wings and things

Love story 110 – Inseparable

on October 29, 2012

Less than two years ago it was unthinkable that the day would come where Anthony would have to go into a nursing lodge. I vividly remember making a secret appointment with our doctor to discuss his deterioration and, after arranging Silver Chain respite help that day, Ming and I went into town. During the conversation with the doctor, he mentioned the inevitability of nursing home care and Ming, nearly crying, said, “No, we will never put Dad into care.” The doctor gently said to him, “You don’t know what is coming.”

And we didn’t. All three of us could never have predicted how bad it would get – hallucinations, immobility, stroke-like episodes, falls, loss of hand/eye coordination, confusion, nightmare horrors, sleepless nights, sleep-filled days, loss of appetite, subsequent dramatic weight loss, confusion, cognitive problems, ablutionary problems … and the list goes on. Ming transformed from a devoted son to an intolerant son and I transformed from a devoted wife to a physical and mental wreck. But I only see that now – in hindsight.

The things I wish:

  • that I had stopped asking Ming to do occasional ‘night shifts’ with Ants while Ming was still at school;
  • that I had discussed nursing home/lodge possibilities with Ants earlier (he was assessed as a candidate for ‘high care’ over four years ago); and
  • that I had broached the subject of death with both of them earlier.

Bubble and Baby Turkey are inseparable but I think this is because, initially, there were four Bubbles and four Baby Turkeys and (except for these two) the foxes got all of them when they were littler despite my vigilance.

Ants, Ming and I were inseparable too until Parkinson’s disease began to steal pieces of our jigsaw. Ming took a few leftover pieces, went into his room and shut the door; I tried to find some of the pieces of a blue sky, but they all looked the same; and Ants never liked jigsaws in the first place.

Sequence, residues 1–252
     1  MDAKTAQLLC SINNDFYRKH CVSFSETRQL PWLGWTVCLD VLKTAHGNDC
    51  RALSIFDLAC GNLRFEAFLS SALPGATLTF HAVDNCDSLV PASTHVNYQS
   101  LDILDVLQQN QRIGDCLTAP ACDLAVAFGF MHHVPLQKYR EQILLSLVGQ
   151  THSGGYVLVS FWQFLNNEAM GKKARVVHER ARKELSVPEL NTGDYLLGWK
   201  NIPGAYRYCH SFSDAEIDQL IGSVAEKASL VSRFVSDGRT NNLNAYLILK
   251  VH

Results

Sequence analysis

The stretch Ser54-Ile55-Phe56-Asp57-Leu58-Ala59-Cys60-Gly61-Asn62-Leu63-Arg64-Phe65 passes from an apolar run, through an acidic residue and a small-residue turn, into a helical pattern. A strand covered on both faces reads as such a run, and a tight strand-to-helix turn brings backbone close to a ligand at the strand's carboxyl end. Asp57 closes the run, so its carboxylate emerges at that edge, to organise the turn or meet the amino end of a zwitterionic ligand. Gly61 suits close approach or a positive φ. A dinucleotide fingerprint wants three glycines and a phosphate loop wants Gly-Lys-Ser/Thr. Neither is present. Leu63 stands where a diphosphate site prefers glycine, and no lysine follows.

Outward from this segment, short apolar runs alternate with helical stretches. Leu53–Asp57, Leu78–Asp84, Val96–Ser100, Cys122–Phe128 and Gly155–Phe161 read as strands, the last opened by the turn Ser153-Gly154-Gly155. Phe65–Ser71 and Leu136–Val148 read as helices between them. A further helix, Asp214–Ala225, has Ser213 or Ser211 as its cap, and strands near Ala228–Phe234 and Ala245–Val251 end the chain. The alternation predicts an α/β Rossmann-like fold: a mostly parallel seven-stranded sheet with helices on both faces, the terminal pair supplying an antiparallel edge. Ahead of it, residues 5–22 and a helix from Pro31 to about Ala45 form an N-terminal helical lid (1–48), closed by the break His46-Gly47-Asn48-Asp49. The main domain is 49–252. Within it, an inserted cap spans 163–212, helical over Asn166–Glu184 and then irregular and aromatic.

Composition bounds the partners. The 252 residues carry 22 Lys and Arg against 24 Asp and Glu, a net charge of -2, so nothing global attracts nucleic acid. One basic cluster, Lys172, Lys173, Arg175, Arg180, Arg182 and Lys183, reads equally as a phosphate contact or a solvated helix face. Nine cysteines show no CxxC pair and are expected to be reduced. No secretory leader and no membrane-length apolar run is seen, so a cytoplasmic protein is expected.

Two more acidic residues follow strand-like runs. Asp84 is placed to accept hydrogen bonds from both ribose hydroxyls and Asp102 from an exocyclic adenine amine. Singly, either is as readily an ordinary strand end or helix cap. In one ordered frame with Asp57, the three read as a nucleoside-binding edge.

This photo was taken a few years ago when we were inseparable.

59 responses to “Love story 110 – Inseparable

  1. Louise G. says:

    I don’t have words for you Julie — Only hugs across the miles.

    My heart is heavy for the missing pieces.

  2. mimijk says:

    Parkinson’s is a cruel disease – and illness which robs people of their memory, affect and awareness is inexplicably horrid. As moments of lucidity became increasingly my dad became aphasic, as he eyes began to confuse those he loved with those he didn’t know. But your family is transfigured and transformed – it is not broken. Love doesn’t break, it hurts, it rails, it cries – but it doesn’t break. It is what you remember, what you will rely upon, how you will move forward.

    • jmgoyder says:

      Bloody hell – what an absolutely beautiful comment – can’t thank you enough – so sorry about your dad, so, so sorry. Yes it is a ghastly disease!